daptics gets results. Three examples
of successful application of daptics to experimental campaigns in the
laboratory are described below. Many other kinds of complex discovery
and optimization problems can be solved by daptics.
daptics has been used to optimize the amount of functional protein synthesized with a commercial in vitro synthesis kit.3 The experimental parameters included many possible DNA sequences, amino acid proportions, salts, buffers, and process variables.
This was a huge experimental space, and systematically exploring every experiment (over 1.5 million) would have taken an enormous amount of time and would have been extremely expensive.
daptics increased protein yield by 350% after exploring
less than 0.015% of the experimental space.4
AmBisome™ is the leading formulation of Amphotericin B, an anti-fungal drug. daptics was applied to find novel formulations of the drug, optimized for cargo capacity.
A variety of amphiphilic molecules, salts, buffers, and other components made up an experimental space of over 80,000 experiments.
By exploring less than 0.6% of the possible experiments, daptics found
hundreds of novel formulations, many of which were very stable
and substantially increased cargo capacity.2
A pharmaceutical company, CombinatoRx, exhaustively screened many
combinations of drugs, looking for synergistic therapeutic
effects.5 This took months of time and hundreds of
thousands of individual experiments. When applied to the data from
this experiment, daptics found the optimal combination in the experimental
space with less than 10% of the experimental effort.
Simulations are a powerful and cost-effective way to demonstrate how
efficiently daptics finds optimal targets
in complex search spaces. The following tests were run on simulated
but realistic experimental search spaces, representing combinations of
a certain number of experimental parameters (e.g., materials or compounds)
chosen from a library of 100, with each parameter in the combination
taking any of 20 different values.1 The response
surfaces for these systems contained several local optima with a range of values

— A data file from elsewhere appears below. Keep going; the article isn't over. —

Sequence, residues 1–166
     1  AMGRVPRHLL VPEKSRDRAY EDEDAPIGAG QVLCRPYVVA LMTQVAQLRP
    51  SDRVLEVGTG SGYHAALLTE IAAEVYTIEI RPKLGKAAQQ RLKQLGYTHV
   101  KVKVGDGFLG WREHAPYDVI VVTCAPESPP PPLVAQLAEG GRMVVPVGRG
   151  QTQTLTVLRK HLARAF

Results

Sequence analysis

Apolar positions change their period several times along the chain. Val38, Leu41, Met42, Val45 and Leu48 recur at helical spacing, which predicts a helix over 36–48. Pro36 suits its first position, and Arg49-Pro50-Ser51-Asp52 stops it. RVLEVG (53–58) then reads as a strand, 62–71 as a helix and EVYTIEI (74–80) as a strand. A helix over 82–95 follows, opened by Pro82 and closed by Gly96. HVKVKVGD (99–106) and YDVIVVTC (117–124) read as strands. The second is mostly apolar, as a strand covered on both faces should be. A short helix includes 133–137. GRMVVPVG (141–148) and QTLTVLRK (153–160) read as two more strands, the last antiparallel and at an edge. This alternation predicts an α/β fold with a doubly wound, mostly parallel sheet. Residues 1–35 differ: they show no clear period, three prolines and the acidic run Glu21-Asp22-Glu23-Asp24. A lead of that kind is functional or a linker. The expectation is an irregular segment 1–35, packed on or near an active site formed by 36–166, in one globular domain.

measured in arbitrary units from 0 to 8, with added experimental
noise. These simulations benchmark daptics against established
optimization methods in large and highly synergistic experimental
search spaces, and demonstrate daptics's superiority at identifying the
optimal targets while saving time and resources.
A simulated system with pairwise combinations was defined on an experimental space with a total of 105 experiments. Exhaustive exploration of such a space in the laboratory would require a vast effort, and screening even a fraction of it could be very expensive (e.g., if the experimental parameters were costly pharmaceuticals or other chemicals).
On this system, standard Design of Experiments (DoE) techniques were obviously more efficient than exhaustive exploration, but substantially less efficient than daptics.
daptics found all of the optimal targets after exploring only 3% of the
experimental space, and was more than twice as efficient in doing so than a
standard genetic algorithm (GA).
This simulated system involved all combinations of up to five experimental parameters, for a huge experimental space of over 1011 experiments. This system is more realistic than the one described above, because unpredictable higher-order synergies often occur in real-world systems: e.g., chemical systems for protein crystallization, protein synthesis, combination drug discovery, formulation of small molecule drugs, complex formulations (such as siRNA), heterogeneous catalyst discovery, and plastic formulations.
Because of such synergies, standard DoE cannot be used effectively to find optimal targets; DoE software such as JMP performs only slightly better than random search in a complex space of these dimensions.
daptics found all of the optimal targets in this space after exploring only 4,000 experiments, and was over 3 times more efficient than a standard GA.
1 Cawse J., Gazzola G., and Packard, N. (2011). Efficient discovery and optimization of complex high-throughput experiments. Catalysis today, 159(1): 55-63.
2 Caschera F., Gazzola G., Bedau M. A., Moreno C., Buchanan A., Cawse J., Packard N. H., and Hanczyc M. M. (2010). Automated discovery of novel drug formulations using predictive iterated high-throughput experimentation. PLoS One, 5(1):e8546.
3 Invitrogen Expressway; Cell-Free E. coli Expression System.
4 Caschera F., Bedau M. A., Buchanan A., Cawse J., de Lucrezia D., Gazzola G., Hanczyc M. M., and Packard N. H. (2011). Coping with complexity: Machine learning optimization of cell-free protein synthesis. Biotechnology and Bioengineering, 108(9): 2218-28.
5 Lehar, J. et al. (2007). Chemical combination effects predict connectivity in biological systems. Molecular Systems Biology, 3(80): 1-14.